The Church of England could see its first black Archbishop of Canterbury following the departure of Rowan Williams from the post.
John Sentamu, 62, the Archbishop of York, is widely viewed as front-runner to replace Rowan Williams when he leaves at the end of this year.
Dr Sentamu, the sixth of 13 brothers and sisters, and a former barrister and judge, came to the UK in 1974 having fled Uganda where he was a critic of the dictator Idi Amin.
Dubbed by some as "cleric of the people", he is known for his high-profile interventions.
In 2007 he cut up his dog collar on live television in a dramatic protest against Robert Mugabe's rule, vowing never to wear the symbol of his office again until the Zimbabwe president had been removed from power.
Dr Sentamu also once pitched a tent and camped in York Minster for a week, foregoing food, in solidarity with those who had suffered in the Middle East conflict.
The Archbishop has gained a reputation for supporting the armed forces - sky-diving to raise money for families of servicemen wounded or killed in Afghanistan - and for speaking out against bankers and traders responsible for the financial crisis.
He has called for the English to mark St George's Day properly on April 23, warning that the failure of England to rediscover its culture would lead only to greater political extremism.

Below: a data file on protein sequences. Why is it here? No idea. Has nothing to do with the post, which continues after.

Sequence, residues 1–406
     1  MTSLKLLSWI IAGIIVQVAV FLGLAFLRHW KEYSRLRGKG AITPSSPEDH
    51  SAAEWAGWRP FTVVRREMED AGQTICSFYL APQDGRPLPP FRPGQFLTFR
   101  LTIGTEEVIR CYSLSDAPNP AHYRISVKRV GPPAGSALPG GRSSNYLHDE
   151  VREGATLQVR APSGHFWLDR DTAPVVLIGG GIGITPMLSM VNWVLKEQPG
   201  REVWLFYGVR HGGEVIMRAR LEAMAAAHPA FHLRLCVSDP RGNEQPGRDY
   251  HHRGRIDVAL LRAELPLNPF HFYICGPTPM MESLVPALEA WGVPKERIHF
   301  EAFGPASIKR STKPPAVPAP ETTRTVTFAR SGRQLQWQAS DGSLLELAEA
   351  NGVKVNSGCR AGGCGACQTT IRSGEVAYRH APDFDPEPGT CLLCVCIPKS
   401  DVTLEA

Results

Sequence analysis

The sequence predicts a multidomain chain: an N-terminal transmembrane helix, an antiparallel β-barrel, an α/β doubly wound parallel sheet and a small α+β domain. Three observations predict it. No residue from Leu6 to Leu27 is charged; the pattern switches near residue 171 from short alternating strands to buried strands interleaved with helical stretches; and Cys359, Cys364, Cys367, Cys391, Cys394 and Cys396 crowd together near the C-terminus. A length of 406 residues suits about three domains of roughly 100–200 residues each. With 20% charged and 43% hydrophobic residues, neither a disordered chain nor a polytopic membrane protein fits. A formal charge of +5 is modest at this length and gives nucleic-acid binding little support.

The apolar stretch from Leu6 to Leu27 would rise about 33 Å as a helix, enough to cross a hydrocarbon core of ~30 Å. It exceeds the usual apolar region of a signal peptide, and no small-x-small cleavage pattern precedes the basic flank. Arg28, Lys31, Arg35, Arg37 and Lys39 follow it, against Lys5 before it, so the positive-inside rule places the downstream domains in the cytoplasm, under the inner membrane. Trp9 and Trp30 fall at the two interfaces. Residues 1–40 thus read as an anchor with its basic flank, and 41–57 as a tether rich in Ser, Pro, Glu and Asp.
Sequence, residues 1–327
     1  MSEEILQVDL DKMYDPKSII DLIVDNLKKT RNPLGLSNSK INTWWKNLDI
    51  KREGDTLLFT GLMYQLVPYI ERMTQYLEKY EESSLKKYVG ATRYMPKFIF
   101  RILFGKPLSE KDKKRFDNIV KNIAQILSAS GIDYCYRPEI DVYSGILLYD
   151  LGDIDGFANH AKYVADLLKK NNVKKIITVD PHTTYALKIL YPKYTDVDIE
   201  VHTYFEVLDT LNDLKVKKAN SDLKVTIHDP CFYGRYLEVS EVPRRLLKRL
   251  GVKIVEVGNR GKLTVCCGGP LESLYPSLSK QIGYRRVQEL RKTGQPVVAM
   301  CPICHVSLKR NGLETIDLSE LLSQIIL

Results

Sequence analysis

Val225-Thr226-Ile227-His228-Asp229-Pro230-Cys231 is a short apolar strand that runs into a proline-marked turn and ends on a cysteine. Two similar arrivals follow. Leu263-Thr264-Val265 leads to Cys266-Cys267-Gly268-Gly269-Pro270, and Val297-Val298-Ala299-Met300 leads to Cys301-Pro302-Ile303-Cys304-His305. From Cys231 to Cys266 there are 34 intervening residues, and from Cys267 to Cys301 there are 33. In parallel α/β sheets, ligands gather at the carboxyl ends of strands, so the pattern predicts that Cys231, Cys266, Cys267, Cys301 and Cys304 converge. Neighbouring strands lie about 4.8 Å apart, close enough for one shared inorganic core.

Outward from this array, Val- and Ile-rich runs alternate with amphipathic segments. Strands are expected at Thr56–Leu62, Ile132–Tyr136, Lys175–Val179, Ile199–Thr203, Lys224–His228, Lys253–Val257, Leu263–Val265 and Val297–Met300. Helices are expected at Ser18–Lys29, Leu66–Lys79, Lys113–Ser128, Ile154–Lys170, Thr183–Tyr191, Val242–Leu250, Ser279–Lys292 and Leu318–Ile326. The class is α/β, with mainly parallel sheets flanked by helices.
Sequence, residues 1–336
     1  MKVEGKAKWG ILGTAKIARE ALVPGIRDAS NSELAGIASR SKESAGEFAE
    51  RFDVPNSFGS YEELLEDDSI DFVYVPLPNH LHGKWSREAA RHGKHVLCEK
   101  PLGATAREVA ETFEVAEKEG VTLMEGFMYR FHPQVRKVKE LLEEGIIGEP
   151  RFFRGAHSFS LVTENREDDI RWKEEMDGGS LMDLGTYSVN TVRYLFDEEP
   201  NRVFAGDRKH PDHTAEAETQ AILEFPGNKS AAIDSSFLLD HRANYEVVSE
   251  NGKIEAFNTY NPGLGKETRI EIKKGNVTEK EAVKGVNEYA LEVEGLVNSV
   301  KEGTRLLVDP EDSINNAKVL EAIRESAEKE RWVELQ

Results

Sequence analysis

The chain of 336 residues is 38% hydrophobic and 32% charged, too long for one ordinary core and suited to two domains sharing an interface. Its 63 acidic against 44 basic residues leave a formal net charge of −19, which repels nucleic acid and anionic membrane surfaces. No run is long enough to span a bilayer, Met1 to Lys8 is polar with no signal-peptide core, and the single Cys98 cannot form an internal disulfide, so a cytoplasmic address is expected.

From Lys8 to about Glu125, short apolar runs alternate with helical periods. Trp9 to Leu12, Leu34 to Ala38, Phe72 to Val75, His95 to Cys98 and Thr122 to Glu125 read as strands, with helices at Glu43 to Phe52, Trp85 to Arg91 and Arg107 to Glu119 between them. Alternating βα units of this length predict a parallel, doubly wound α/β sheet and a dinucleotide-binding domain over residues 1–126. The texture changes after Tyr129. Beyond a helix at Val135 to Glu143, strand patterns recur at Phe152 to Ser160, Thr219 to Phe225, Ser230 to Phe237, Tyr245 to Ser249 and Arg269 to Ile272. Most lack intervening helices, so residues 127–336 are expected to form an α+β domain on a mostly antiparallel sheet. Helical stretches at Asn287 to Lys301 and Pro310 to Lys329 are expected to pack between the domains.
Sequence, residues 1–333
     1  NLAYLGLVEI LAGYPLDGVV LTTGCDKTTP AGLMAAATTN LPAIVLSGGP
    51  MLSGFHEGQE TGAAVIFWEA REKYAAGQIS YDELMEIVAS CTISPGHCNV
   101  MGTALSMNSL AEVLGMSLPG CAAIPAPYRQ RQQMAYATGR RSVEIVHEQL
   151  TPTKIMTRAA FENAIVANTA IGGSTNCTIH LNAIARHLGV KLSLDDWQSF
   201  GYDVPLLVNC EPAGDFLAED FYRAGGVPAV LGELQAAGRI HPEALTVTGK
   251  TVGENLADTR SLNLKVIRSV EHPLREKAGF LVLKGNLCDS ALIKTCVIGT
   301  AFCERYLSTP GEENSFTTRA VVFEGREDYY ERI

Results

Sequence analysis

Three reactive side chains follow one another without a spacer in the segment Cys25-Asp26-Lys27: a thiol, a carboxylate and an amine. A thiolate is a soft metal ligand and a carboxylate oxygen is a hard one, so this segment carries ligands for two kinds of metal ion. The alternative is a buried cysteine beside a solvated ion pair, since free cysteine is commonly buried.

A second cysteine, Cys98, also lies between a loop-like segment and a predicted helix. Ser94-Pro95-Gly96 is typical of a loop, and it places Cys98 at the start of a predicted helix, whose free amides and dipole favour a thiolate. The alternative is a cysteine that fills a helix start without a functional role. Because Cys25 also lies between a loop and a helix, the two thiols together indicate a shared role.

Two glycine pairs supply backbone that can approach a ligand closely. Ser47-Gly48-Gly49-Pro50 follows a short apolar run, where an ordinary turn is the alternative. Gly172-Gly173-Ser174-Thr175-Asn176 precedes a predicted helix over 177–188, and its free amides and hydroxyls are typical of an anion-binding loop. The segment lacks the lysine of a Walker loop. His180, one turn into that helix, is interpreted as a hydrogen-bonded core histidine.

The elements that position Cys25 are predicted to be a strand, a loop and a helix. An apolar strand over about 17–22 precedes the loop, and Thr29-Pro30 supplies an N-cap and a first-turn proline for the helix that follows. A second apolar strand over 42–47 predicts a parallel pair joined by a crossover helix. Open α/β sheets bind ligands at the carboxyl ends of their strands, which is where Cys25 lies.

Dr Sentamu's enthronement in 2005 featured a ceremony with African singing and dancing and contemporary music, with Dr Sentamu playing African drums during the service.
Such is his popularity in his archdiocese of York that he was named Yorkshire Man of the Year in 2007.
As Bishop of Stepney in east London, Dr Sentamu acted as an adviser to the inquiry into the racist murder of Stephen Lawrence. He has also campaigned against guns, knives, drugs and gangs.
More recently, he attracted controversy - and racist emails - when he spoke out against gay marriage. Dr Sentamu is married with two grown-up children and two grown-up foster children.
Other possible contenders to replace Dr Williams include Richard Chartres, the Bishop of London.
Dr Chartres, 64, who is close to members of the Royal Family, gave the address at the marriage of the Duke and Duchess of Cambridge last year and is known for campaigning on environmental issues.
Liverpool-born the Rt Rev Nick Baines, 54, Bishop of Bradford, is also viewed as a contender for the post.
Highly educated and articulate, he is known as the "blogging" bishop, in recognition of his enthusiastic approach to using new media.
The Rt Rev Tim Stevens, 65, Bishop of Leicester, who leads the Church of England bishops in the House of Lords, and has recently clashed with the Government over the proposed benefits cap, could also be a possible contender.